Lobbying records analyzed by Reuters reveal that the industries more than doubled their spending in Washington during the past three years. In the process, they largely dominated policymaking — pledging voluntary action while defeating government proposals aimed at changing the nation’s diet, dozens of interviews show.

It’d be interesting to hear this story from a different perspective: “Activists and legislators have lost fight after fight on food regulations, as citizens consistently send the message that they don’t believe it is the proper role of government to ‘change the nation’s diet.'” That wouldn’t fit the worldview of evil corporations deviously choosing profits over people,  but it falls closer to the truth. Why would we trust a government that can’t manage a budget to manage our diet?

The current “For the children!” emphasis is meant to gain sympathy for the cause, but it won’t stop there. Furthermore, it’s another insertion of government in the realm of family. Even if parents often do a poor job of feeding their children, outsourcing that role to the federal government will create more problems, enhancing the damage the welfare state has already done to the family. What kind of society results when parents are no longer responsible for the food on the dinner table?

The demonization effort goes on:

Health experts and Harkin say the food industry has employed some of the same tactics as Big Tobacco in its efforts to fight stricter regulations — chief among them the argument that the industry should regulate itself.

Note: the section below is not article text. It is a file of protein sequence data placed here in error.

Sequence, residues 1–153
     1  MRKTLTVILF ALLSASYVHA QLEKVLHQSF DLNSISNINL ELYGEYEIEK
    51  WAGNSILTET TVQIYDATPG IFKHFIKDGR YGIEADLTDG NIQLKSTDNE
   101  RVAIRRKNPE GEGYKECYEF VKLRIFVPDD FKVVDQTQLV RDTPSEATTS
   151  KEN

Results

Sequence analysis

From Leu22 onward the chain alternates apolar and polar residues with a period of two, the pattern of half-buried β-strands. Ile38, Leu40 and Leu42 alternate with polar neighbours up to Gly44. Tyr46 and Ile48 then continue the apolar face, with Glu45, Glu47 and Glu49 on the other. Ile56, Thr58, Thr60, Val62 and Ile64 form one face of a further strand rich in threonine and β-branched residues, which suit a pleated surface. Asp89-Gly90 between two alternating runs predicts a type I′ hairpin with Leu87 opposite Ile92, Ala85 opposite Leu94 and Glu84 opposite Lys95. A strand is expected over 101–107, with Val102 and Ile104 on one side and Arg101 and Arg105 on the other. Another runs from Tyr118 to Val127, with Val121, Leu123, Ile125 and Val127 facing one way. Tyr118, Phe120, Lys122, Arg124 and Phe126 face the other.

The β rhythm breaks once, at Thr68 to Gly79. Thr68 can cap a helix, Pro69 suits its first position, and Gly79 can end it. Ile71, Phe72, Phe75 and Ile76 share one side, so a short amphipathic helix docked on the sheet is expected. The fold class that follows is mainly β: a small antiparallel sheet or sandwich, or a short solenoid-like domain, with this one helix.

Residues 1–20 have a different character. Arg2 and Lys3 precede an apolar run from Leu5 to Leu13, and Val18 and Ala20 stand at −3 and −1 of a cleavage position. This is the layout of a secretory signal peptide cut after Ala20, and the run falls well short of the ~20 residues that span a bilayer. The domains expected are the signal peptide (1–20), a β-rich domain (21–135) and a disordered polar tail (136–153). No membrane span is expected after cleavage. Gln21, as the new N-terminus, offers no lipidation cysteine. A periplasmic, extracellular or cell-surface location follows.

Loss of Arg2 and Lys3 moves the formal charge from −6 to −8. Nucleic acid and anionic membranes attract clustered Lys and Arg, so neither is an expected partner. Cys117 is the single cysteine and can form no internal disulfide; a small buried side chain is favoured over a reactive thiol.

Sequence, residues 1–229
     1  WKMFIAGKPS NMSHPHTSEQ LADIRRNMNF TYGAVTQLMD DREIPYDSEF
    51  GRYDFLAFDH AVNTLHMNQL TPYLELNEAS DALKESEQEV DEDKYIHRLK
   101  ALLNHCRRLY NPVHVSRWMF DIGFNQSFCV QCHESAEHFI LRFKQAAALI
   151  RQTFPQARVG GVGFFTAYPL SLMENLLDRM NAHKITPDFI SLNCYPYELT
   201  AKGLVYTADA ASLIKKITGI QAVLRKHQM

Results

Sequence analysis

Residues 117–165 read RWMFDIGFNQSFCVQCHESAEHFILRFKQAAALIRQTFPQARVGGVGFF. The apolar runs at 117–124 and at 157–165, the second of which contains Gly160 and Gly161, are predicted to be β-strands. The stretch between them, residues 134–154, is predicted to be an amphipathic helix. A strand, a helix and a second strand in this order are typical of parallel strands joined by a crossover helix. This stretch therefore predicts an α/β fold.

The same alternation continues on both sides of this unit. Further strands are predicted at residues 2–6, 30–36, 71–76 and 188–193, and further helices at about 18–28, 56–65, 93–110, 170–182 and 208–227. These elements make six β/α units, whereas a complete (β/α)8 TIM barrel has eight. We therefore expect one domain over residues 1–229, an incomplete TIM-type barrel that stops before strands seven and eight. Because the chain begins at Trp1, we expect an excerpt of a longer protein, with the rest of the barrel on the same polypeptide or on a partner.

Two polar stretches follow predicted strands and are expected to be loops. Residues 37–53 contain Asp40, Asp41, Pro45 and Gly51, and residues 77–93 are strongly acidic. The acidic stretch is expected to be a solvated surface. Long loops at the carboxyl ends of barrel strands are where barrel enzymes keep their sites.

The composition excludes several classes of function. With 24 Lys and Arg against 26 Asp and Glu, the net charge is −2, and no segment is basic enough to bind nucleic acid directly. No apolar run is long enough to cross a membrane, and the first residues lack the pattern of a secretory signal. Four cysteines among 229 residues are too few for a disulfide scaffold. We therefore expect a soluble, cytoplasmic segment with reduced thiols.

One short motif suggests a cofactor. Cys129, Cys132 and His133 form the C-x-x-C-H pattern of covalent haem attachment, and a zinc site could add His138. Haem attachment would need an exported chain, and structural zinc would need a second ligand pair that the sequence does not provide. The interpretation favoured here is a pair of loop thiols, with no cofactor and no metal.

A damning comparison, but you know who else uses the same tactics? Murderers and those wrongly accused. “Chief among them the argument” that both are innocent.  Another distinction probably worth mentioning is that the food industry provides a product necessary for survival, whereas Big Tobacco provides one that speeds up death.  One more thought on food/tobacco comparisons: the overwhelming campaign against smoking has made it unseemly among the well off, while the excessive taxes have simply made it financially debilitating among the poor, who haven’t given it up at the same rate. The recent emphasis on nutrition and health has likewise caused those with more resources to get their act together, but heavy-handed government regulation will probably just make life for the lower classes more difficult.

Armed with those arguments and a bulging political war chest, the $1.5 trillion food and beverage industry has defeated soda taxes and marketing restrictions in cities and states across the nation, mounting referendums to overturn the taxes in the two states that passed them and persuading 16 states to prohibit lawsuits over fatty foods.